Judging by the locals facial expressions, it had been a long long time since a foreigner had worked their way up to the back door. I'd done it by generally being lost and just making my way in the most direct fashion to the fortress. By the time I got to this huge thing built into the cliff side, the urge to purchase the expensive ticket had completely left me. The daily allowance is a scant 1000 RS - giving up nearly a third to see a fortress when I was already physically drained did not appeal. After you've seen a couple fortresses, they all start to look the same. Generally, the external grandeur is more interesting than the cramped head threatening rooms within.


Within the old quarter is the clock tower. This is the single most important landmark. Around the clock tower are the old city walls as well as the gates. Note that early in the morning, some more recently erected fences and such are closed and full access isn't possible into this area. I don't know why.

West of the clock tower and out of the gate is roughly where I am staying. There are several guest houses in this area.

South of the clock tower is the main street. It is here that you can find shops like MV Spices, the 'hole in the wall' restaurant I eat at and a deep fry place I attempt to avoid.

The other directions don't contain a lot that is special yet - just more of what I term the 'mad street life of India'.

Jodhpur is big enough that a good map is important if you show up to look around. Or, just find tuk tuk drivers who can speak better English and get them to drive you to where you need to go. Generally, they'll try to get 100-150 RS off of gullible tourists. You can get by with half if you know how to bargain.



Although this country isn't 'officially' on the clock, it has hours. The roar of traffic and people generally subsides around midnight. Somewhere between 5AM to 7AM, people will begin to yell and honk at each other. By about 10AM the store are mostly open though some don't open until the afternoon.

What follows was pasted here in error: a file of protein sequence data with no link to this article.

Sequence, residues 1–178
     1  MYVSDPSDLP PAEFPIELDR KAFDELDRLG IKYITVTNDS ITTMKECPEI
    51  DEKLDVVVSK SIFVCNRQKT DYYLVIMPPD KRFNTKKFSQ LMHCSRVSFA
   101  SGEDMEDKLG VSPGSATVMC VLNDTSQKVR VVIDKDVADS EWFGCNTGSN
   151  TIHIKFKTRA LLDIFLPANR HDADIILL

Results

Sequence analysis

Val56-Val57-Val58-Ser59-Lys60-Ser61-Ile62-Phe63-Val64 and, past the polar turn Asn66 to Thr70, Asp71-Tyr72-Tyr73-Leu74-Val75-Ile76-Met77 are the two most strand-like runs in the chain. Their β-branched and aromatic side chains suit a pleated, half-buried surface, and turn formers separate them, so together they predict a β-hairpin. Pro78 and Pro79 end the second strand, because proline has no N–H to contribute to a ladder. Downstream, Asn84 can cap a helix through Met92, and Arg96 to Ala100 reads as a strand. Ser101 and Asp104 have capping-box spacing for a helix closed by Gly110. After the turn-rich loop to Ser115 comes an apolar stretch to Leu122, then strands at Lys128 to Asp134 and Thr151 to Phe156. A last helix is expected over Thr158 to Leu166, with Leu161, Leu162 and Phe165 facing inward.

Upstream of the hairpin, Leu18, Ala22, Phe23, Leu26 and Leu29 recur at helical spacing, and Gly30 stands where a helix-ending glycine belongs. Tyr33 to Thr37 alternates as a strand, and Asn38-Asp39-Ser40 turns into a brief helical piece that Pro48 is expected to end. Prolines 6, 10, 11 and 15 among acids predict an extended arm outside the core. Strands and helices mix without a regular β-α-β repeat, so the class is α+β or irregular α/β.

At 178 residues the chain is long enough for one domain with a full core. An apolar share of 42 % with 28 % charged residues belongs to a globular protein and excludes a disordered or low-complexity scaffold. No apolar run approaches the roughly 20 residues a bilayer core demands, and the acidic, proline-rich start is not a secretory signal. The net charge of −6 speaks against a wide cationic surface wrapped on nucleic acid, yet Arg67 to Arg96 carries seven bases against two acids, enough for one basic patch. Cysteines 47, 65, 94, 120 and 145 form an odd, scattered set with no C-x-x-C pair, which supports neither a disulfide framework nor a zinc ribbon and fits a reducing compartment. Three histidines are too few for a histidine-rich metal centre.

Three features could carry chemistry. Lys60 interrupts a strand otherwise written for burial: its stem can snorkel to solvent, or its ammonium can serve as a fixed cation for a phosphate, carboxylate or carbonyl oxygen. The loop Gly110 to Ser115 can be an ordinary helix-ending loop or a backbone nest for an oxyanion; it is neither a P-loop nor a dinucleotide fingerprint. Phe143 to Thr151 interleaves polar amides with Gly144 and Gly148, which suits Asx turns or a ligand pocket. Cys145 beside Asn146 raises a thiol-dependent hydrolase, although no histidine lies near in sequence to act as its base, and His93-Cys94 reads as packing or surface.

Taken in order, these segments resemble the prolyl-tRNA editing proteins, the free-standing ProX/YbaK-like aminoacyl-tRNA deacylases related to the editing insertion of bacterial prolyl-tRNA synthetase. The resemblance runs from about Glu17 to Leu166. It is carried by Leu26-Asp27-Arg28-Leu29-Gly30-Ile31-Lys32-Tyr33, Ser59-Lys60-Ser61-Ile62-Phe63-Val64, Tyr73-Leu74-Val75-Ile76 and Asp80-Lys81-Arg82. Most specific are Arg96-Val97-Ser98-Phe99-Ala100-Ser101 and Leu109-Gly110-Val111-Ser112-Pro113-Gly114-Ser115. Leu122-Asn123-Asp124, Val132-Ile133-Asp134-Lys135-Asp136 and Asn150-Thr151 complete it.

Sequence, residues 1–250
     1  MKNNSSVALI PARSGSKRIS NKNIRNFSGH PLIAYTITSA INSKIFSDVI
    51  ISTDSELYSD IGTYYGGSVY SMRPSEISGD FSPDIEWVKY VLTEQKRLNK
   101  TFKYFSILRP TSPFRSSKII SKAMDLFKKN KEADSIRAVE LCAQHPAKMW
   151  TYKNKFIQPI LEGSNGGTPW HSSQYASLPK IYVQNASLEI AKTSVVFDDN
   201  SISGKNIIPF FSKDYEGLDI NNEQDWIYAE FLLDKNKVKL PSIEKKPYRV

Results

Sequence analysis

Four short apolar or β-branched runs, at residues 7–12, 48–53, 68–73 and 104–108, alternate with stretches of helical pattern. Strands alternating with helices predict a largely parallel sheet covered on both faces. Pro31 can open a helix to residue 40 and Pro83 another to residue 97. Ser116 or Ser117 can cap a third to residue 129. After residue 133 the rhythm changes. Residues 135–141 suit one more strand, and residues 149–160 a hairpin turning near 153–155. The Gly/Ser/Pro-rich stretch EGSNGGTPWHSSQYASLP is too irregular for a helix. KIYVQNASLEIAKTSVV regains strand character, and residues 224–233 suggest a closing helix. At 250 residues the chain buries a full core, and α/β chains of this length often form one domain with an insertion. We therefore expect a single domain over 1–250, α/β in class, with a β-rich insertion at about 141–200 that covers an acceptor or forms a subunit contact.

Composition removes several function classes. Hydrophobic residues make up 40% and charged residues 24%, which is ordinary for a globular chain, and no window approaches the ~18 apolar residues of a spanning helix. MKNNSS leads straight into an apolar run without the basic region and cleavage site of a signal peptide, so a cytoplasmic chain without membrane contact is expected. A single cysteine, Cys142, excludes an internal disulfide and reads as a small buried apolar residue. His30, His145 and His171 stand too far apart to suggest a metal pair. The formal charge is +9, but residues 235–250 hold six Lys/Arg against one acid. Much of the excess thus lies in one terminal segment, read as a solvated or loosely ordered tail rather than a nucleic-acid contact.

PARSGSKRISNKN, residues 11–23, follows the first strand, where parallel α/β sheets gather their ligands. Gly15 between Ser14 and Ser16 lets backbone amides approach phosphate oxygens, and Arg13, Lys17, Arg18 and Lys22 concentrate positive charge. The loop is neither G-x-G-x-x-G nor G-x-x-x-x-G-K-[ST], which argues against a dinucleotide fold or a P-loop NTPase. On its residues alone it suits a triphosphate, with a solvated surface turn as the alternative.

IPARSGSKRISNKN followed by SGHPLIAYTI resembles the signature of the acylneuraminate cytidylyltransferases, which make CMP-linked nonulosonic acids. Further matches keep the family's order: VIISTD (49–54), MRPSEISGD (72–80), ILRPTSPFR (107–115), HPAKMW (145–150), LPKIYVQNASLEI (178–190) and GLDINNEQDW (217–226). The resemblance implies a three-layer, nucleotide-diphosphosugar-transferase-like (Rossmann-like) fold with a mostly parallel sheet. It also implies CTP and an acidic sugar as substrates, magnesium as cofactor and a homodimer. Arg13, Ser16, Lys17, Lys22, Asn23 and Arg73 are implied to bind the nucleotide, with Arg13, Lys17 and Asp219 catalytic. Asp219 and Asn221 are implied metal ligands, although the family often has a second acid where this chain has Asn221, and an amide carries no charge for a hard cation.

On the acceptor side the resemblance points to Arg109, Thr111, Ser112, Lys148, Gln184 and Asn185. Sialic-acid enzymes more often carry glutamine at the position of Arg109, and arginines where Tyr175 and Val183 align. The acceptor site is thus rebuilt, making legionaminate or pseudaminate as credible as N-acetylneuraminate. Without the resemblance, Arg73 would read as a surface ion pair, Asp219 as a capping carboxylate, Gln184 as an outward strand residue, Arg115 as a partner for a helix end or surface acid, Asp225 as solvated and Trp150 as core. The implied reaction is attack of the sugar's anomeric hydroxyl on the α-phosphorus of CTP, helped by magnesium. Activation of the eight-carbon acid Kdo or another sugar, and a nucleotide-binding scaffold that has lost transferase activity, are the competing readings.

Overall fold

If the room has been swept however badly with a straw broom and clean sheets may (or may not) be on the beds, the room is considered 'clean'. You may still find trash left over from previous occupants and such. The rooms here wouldn't approach 'clean' standards in Europe or even in parts of SE Asia. I asked a guest house owner why that was and he told me 'good help is hard to find'. Apparently, even in a country with billions of people. I'm not sure how the cleanliness is at the more expensive places - this is just for the 'low end' stuff. The general cost of the 'low end' stuff is about 3-15 USD per night. The mid range is approximately 20-100 USD per night but I'm always baffled when people drop that kind of money for India. You can stay anywhere in the world for that kind of money.


Remember in an earlier blog entry where I had the conversation with the shop keeper about honesty? It is sporadic at best here - and even on easily check-able stuff. For example, I've had many guest house owners/managers tell me that wifi is indeed available in the rooms. This often turned out to be complete bullshit. If you want to make sure you often have to ask questions like 'is it free' and 'what is the wifi password'. When you ask those questions, suddenly it is revealed that it is not indeed in the rooms, only hooked to an ancient computer. I believe the reason for this might be that many people have the 'get the money now' philosophy rather than the 'if you give good customer service you get money'. Kind of sad and it keeps you on your guard constantly.


When I first got here and saw a woman with a baby begging, my first thought was 'isn't that tragic'. I know that some women like to borrow babies from other women to increase their take but it still touches a cord of wishing they weren't in a bad way. After being subjected to weeks of beggars including the grabby ones, my opinion has gone from that to 'So, you like to fuck - why do I have to be bothered with your upkeep?' It is a definite hardening of attitudes on my part. I'm not totally happy with it. Perhaps it is some sort of internal shifting to defend myself against the little guilt I might have had for being able to afford to eat. In my case, it is obvious I could afford to eat well. Very obvious. Some of the beggars are very insistent and present yet another obstacle to traveling - like the cow shit.


These are kind of strange places. In most countries, you merely purchase the alcohol and carry it off to drink. Here, you can stand around and drink it. The drinkers seem to be a fairly depressed lot, standing around and just getting hammered. It's also a pretty small minority of people here that actually drink - or at least let themselves get spotted drinking by the strange foreigner.


I constantly see kids of all ages - from age five on up - working in various businesses. Not a clue if they go to school or if it is even compulsory here. Most kids work in their family business. If your parents own a restaurant, you will be waiting on the table of the fat white guy - or giving it what passes for a cleaning here. It would suck if you didn't like what your parents did for a living.


Much to my surprise, I discovered a McDonalds out in the city of Jodhpur. I was further surprised to find that several classes worth of school children (grade schoolers) seemed to be parked here for a few hours. Why, I do not know. They were all watching the TV at McDonalds. I suppose it is good to see the young easily programmed minds of India's youth being programmed with Americanism.